Joining the movement of “meaningful recycle”, Interactive Glass Recycle Bin utilizes texture and reflectivity of glass material to create a bi-way interaction between people and glass recycling. The project might use “recycle bin” as its name, but it’s not just a simple recycle bin, it also features interactive aesthetic, this is an important feature especially when it comes to educational public installation.
This project was based on two concepts: “Glass Recycling” and “Regeneration”. The design should encourage the public to participate in the recycling process to increase the recycling rate of glass bottles.
In collaboration with Spring Pool Glass, a glass recycling and reprocessing enterprise, together with the design team, they can explore contradiction and symbiosis between recycling and creation. The use of recycled glass creates cool patterned glass panels, thus, attracting people to come closer and take a look. It promotes recycling behavior in an interactive and co-created way.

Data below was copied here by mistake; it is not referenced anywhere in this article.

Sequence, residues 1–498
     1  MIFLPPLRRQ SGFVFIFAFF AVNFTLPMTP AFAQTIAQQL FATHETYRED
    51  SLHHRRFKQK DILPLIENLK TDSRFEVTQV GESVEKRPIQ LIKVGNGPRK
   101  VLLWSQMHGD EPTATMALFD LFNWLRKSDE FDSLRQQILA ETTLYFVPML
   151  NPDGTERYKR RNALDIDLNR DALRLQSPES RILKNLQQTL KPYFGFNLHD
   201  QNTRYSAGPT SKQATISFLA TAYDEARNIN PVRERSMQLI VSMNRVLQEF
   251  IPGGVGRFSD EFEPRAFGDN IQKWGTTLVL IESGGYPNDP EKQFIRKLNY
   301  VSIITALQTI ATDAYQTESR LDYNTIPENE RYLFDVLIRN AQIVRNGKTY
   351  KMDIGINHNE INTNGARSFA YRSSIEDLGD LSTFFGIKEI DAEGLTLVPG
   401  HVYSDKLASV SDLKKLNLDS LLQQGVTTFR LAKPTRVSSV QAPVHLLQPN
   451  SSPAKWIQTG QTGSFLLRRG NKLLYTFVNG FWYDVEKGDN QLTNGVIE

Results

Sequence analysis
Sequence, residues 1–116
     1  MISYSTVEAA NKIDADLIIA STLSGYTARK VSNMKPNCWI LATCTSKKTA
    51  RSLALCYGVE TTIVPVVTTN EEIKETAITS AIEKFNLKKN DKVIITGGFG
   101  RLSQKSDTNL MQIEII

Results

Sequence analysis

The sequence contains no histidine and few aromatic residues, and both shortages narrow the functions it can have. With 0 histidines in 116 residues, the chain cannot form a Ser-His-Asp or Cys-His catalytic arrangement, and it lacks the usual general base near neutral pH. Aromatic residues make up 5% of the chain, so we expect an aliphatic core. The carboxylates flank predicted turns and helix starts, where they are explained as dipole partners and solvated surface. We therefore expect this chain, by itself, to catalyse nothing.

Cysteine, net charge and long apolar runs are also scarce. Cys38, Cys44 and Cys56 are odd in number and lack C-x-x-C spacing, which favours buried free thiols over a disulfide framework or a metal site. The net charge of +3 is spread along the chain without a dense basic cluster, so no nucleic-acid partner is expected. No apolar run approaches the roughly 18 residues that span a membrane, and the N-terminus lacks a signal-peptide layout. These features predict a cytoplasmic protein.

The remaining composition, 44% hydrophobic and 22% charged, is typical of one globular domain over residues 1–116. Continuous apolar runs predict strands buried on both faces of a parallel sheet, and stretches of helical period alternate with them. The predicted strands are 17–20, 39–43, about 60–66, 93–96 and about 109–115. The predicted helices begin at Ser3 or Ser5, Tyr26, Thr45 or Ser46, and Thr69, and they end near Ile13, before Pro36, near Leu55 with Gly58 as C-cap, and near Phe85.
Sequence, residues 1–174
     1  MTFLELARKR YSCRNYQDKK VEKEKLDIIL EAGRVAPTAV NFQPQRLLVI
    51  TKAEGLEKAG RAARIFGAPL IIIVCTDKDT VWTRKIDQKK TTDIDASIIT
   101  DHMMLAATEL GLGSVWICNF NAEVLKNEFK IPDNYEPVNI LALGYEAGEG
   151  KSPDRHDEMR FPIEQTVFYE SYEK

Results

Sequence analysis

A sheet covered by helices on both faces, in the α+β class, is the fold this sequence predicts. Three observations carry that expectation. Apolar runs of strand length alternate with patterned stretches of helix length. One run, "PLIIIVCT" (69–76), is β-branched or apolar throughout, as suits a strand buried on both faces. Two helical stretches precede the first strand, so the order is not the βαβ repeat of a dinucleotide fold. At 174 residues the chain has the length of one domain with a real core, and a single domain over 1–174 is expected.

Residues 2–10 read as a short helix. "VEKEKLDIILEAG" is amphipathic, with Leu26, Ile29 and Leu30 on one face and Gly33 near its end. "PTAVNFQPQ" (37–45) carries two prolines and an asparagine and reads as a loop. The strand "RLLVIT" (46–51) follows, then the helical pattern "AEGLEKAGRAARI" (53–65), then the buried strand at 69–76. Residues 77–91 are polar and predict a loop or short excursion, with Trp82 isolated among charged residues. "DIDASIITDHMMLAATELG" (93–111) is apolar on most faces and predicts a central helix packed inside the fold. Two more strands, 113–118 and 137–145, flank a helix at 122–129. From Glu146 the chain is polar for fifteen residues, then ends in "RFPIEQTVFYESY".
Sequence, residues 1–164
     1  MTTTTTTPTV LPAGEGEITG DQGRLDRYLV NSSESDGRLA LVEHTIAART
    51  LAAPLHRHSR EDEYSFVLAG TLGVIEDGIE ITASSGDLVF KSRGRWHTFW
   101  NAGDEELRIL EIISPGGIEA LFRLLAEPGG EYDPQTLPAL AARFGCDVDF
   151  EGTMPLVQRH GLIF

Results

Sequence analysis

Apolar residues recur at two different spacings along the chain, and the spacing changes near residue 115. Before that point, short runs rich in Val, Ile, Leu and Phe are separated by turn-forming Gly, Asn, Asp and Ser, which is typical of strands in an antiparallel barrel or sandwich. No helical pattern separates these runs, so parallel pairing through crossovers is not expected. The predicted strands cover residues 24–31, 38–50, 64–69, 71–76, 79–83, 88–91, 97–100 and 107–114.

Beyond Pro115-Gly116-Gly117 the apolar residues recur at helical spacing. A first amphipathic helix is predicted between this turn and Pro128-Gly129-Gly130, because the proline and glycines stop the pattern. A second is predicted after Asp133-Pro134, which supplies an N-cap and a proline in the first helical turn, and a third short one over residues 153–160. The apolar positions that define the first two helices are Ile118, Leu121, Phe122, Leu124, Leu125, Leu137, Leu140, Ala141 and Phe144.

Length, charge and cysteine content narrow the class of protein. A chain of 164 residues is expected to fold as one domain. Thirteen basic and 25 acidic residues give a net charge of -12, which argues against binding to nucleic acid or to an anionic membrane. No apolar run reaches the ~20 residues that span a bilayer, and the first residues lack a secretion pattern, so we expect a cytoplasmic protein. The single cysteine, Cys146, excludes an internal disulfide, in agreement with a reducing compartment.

You can set up Interactive Glass Recycle Bin in public places such as recreational areas. It would encourage people to place their empty glass bottles inside this bin. Every time someone place a bottle, the texture of the glass and the change of light based on accumulated bottles create meaningful interaction. While at night, thanks to upper solar panels, this recycle bin automatically lights up for about six to eight hours. It collects discarded glass bottles and communicates the value that people create in the effort of creating a better environment.
This is an interactive, functional, and aesthetic installation by Jack Lee and Trinna Wu, it also doubles as a public art installation of the city scene. The door panel can be lifted up to collect those glass bottles, there’s specially designed sliding rail that allows two sides of the door panel to lift up about 30cm in order to remove whole piece for easy maintenance.